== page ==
Riggle quoted an unnamed resident, “The noise, flashing lights, interrupted TV reception, strobe effect, the possibility of stray voltage has created a level of stress in this community that we’ve never had … The only people that think they are so great and wonderful are those who really don’t know and live by them.”
Riggle’s husband Earl then had a chance to speak, and simply said that he was worried for his son’s seizure disorder and his wife’s vertigo. “I really think that that’s going to be a real problem. They’re going to be close to people’s houses. There’s going to be certain people who are not going to be able to stand it and they’re going to have to move.”
Then Town Supervisor Kenneth Bochmann spoke, and addressed the “blindsided feeling” Riggle had, stating that there have been multiple notices regarding meetings about the wind farm posted at the library and at the post office. Riggle said that she doesn’t go to the post office, prompting Bochmann to simply say that the town did what they were required to do.
He then went on to describe Article X, a relatively new state law that states, “The Power NY Act of 2011 established a process for the siting of electric generating facilities and re-powering projects. As part of the process, a multi-agency Siting Board is charged with streamlining the permitting process for power plants of 25 megawatts (MW) or greater. The Power NY Act also encourages investments in clean power plants and affords communities more opportunities to participate in the siting process.”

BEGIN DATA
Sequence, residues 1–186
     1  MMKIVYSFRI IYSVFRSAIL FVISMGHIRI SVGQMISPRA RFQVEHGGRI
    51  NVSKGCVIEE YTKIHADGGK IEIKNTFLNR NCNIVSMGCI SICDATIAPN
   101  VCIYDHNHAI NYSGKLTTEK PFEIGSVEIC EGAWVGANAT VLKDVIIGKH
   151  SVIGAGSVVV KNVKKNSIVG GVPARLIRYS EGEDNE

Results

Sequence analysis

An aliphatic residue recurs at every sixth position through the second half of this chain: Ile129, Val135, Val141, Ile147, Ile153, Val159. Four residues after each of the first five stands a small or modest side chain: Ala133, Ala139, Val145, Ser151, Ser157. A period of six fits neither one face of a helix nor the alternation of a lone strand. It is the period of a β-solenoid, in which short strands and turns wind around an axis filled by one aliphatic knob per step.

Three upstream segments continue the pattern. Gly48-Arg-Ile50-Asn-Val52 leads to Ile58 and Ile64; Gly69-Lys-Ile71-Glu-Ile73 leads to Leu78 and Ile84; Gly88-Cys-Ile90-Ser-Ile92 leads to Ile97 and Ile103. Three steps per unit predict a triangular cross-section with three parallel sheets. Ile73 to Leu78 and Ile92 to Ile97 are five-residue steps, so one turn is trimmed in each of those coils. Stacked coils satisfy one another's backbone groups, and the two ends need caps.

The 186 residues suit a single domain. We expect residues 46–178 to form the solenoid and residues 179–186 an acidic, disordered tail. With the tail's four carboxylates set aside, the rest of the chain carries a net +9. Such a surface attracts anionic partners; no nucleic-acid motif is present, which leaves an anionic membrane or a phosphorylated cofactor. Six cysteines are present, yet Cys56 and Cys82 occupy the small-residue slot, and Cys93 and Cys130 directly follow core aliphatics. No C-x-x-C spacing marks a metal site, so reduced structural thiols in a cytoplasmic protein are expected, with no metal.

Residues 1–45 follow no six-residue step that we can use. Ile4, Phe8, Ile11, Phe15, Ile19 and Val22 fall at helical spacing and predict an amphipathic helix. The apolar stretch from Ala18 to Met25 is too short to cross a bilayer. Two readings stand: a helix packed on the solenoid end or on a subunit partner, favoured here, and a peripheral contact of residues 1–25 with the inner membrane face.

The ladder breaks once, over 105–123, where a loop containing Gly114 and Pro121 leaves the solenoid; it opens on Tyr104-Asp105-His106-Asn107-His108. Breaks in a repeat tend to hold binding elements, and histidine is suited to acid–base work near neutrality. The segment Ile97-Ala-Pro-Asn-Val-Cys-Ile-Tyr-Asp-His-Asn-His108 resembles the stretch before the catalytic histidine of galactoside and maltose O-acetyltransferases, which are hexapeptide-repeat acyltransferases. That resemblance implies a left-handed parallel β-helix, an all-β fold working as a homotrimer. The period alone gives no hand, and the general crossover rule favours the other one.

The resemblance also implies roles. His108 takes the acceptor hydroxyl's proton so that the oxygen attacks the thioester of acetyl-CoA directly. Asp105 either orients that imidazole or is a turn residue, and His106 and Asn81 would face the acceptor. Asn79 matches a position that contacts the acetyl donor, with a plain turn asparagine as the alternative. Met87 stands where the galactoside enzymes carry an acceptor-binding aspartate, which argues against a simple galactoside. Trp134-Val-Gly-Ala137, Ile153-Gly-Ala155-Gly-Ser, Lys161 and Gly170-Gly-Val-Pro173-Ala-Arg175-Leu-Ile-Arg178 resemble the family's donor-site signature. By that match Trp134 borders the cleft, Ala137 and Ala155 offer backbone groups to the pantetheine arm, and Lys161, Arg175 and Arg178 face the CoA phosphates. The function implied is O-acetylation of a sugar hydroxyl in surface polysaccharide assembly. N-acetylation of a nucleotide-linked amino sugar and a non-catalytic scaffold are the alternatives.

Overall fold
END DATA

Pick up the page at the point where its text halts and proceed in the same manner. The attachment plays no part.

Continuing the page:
Essentially, according to Bochmann, Article X is involved in this new wind farm process. The wind farm cannot be approved by the state until all the boxes are checked in terms of how the farm affects an area visually, acoustically, audibly, medically, etc. but until then, the wind farm is still only in its planning stages, and it could take up to a year for the Article X study to be finished and for the application to be approved or denied.
In terms of the wind farm itself, there’s a map that cannot be released until the application is submitted. However, there are 52 proposed wind turbines. Approximately 25 will be in the town of Charlotte, one in Arkwright and the balance in Cherry Creek. This arrangement is, according to Bochmann, based on megawatts.
Despite the promising evaluations mandated by Article X, Riggle remains unconvinced.
“This is so frightening. I don’t want to be strobed. I don’t want to be invaded by pulsating sounds, vertigo. We are human receptors for noise, for infrasound, for stray voltage, shadow flicker (and) vibration,” Riggle said.